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HomescienceExperiment: Weightlessness Leaves Volunteers Two Months in Bed - Science

Experiment: Weightlessness Leaves Volunteers Two Months in Bed – Science

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A group of twelve men participate in an experiment to test the absence of gravity and help improve conditions for astronauts on a space mission. For two months, the volunteers will lie on a bed tilted at a -6-degree angle, which is the position astronauts experience in space.

“We’ve entered the phase of space exploration. We’re really trying to go to the Moon and Mars. It’s not a fantasy. That means long-distance flights, two to three years. Exposure to microgravity has an effect on all physiological systems (…) and causes changes that we’re trying to understand.” and prevent it,” explains Audrey Bergignan, of the National Center for Scientific Research (CNRS).

The experiment is taking place in Toulouse, southern France. The surnames of the twelve men involved in the research were not disclosed. “At first, you find yourself losing weight every day,” says Matthew, one of the volunteers. It should be noted that all participants in the trial are being monitored by about 100 people, including health professionals and researchers.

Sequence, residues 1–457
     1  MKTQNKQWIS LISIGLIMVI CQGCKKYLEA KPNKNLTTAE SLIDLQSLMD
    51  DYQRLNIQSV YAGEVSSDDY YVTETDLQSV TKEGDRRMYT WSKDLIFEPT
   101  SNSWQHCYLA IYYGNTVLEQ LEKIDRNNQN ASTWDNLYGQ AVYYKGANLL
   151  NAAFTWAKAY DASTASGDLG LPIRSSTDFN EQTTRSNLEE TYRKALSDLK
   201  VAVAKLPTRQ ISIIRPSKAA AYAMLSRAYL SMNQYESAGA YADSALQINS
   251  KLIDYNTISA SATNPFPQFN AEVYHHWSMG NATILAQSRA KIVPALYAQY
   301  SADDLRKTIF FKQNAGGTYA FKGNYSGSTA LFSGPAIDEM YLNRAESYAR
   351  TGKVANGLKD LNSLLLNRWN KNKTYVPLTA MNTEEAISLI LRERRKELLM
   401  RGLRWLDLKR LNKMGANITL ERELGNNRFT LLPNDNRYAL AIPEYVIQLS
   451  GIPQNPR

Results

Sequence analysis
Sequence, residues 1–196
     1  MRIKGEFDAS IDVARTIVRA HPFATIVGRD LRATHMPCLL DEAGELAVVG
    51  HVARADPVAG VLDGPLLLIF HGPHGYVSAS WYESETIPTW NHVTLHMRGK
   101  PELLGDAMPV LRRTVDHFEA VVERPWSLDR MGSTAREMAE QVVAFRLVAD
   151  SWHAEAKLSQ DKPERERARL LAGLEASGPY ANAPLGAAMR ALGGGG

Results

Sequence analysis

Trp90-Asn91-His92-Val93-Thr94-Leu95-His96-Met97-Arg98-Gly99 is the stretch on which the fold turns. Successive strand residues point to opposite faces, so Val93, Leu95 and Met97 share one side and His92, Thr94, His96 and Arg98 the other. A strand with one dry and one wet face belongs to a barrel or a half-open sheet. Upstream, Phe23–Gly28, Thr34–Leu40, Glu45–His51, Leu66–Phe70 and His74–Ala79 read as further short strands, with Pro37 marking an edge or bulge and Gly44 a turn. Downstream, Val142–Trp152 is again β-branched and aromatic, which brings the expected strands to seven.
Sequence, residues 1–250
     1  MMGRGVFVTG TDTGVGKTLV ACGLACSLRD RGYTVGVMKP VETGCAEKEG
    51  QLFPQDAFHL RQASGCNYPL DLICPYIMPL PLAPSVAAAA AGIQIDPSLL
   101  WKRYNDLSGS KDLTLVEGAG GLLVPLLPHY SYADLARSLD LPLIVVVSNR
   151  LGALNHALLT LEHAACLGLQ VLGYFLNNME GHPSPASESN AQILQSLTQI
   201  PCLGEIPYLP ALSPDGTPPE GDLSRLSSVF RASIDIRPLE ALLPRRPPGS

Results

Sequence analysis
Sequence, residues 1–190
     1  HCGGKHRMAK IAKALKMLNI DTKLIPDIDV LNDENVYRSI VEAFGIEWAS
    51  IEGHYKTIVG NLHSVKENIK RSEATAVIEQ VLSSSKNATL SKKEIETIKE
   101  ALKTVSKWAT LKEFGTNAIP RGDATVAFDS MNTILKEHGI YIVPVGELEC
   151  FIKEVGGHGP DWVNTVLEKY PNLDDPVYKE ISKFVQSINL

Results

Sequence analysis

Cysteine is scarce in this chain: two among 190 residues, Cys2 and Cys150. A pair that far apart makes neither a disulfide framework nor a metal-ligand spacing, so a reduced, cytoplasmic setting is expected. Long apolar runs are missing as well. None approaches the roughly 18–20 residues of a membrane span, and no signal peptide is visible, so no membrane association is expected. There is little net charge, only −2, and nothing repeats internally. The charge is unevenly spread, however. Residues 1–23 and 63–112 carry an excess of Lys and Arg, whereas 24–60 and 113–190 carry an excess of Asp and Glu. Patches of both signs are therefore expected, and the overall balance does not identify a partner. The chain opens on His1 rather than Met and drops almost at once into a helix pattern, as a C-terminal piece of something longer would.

To compare the development of the organism with the physical exercise performed, the volunteers are divided into three groups: one lying down, doing a 30-minute bike ride every day; another person who does not engage in any physical activity; and a third must pedal inside a moving human centrifuge.

“The goal is to see if, as it spins, the artificial gravity created by the centrifuges improves the effects of physical exercise on the bike,” explains researcher Marie-Pierre Barilly. The expectation is that if the experiment is successful, the results could be applied aboard long-term space missions.

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On a trip to Mars, for example, astronauts can lose 15% of their body mass, which is why researchers are studying possibilities for minimizing the effects of prolonged space activities. Projections are that the trial will be completed in early July.

Another 12 volunteers will take part in a similar survey next year. However, the findings will not only be applicable at the spatial scale, but may also be useful in health.

“Knowing about a hyperactive lifestyle will help everyone to know how a lack of physical exercise affects the body,” notes Marie-Pierre Barilly, referring to the elderly, or those who suffer from diseases such as osteoporosis.

* With information from AFP

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